A letter from Mrs. Wall’s Class in Utah

From a student in Utah

Do you want to write a letter to the author of your favorite language learning novel?
See the guidelines here!


Book trailer: Los sobrevivientes

Do you want to write a letter to the author of your favorite language learning novel?
See the guidelines here!


Book trailer: Noches misteriosas en Granada


Do you want to write a letter to the author of your favorite language learning novel?
See the guidelines here!


Student review of Las Lágrimas de Xochitl and Los Sueños de Xochitl

Helen from California
Señora Hildebrandt,
Soy una estudiante de la Señora E—–. Soy en la clase de Espanol Uno, y yo me gusto a leer tu libros, Los Lágrimas de Xochitl, y Los Sueños de Xochitl. Me gusto los persona en la historia, y yo quiero leer más sobre de Xochitl, Aztin, y la otra personas de San Felipe. Por Favor escribe más libros en la serie. Yo quiero se que ocurre despues Xochitl salva las personas para la chupacabras. Xochitl es una muchacha muy interesante, y yo quiero leer más sobre ella.
Muchas Gracias,

The author responds:

OMG,,\… I’m certain that I cannot speak (or see for the tears in my eyes) at this time. Thank you X 100 for sharing this with me. It is so important to get feedback! To author novels is like going through a very difficult childbirth, and I am currently working on summoning strength to unfold my next ones. Your note could not have come at a better time! I need the strength to make these books happen. Thank you SO much.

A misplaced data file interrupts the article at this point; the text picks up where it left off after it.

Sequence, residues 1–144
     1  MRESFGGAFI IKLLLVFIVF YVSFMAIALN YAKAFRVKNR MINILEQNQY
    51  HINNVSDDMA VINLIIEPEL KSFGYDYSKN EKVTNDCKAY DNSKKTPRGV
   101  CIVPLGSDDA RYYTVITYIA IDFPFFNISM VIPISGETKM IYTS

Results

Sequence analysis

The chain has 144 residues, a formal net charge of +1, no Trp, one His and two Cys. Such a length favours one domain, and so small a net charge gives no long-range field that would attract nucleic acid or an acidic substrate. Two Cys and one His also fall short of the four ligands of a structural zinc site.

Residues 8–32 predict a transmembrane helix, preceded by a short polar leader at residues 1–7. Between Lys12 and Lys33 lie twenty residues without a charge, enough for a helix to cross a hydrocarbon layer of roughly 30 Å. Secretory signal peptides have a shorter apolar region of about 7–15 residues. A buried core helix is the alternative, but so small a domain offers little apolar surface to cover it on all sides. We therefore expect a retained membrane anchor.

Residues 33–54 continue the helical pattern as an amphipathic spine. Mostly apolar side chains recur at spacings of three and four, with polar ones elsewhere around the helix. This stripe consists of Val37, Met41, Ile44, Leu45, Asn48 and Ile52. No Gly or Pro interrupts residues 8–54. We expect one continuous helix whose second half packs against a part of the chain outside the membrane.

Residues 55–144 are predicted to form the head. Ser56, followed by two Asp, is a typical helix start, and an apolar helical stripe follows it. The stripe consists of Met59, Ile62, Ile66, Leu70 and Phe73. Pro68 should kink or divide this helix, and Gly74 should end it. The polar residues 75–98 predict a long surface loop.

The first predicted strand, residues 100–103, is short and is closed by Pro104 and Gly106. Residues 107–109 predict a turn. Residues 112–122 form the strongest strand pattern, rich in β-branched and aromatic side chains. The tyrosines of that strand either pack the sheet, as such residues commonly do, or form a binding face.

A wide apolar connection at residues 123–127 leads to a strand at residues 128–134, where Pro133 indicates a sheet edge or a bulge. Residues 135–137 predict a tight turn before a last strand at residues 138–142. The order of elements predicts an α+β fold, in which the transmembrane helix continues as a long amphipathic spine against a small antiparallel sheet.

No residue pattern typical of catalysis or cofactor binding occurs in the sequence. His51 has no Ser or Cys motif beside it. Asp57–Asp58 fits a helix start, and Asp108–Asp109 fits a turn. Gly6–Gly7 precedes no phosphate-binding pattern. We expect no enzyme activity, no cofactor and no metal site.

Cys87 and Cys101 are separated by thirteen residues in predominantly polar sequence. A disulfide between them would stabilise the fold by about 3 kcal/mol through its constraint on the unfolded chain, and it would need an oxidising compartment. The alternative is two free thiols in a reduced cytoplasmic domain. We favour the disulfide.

Virginia Hildebrandt

Do you want to write a letter to the author of your favorite language learning novel?
See the guidelines here!


Student book reviews

We are now publishing honest reviews by students about language learning novels that they have read and love. Any of the novels published for language learners are appropriate, as long as the student truly enjoyed reading the novel. We ask that students submit their reviews to their teachers, who will then submit the reviews to our website after having verified that the reviews follow these guidelines:

(1) Reviews can be short, 50-100 words, in either English or the target language. We ask that students please be specific in their praise: who was their favorite character, what was their favorite scene, perhaps a phrase like “If you like _____, then you’ll love this book”. Please avoid major plot spoilers.

(2) Please include a photo of the student holding the book that they are reviewing with their first name & the state in which they live.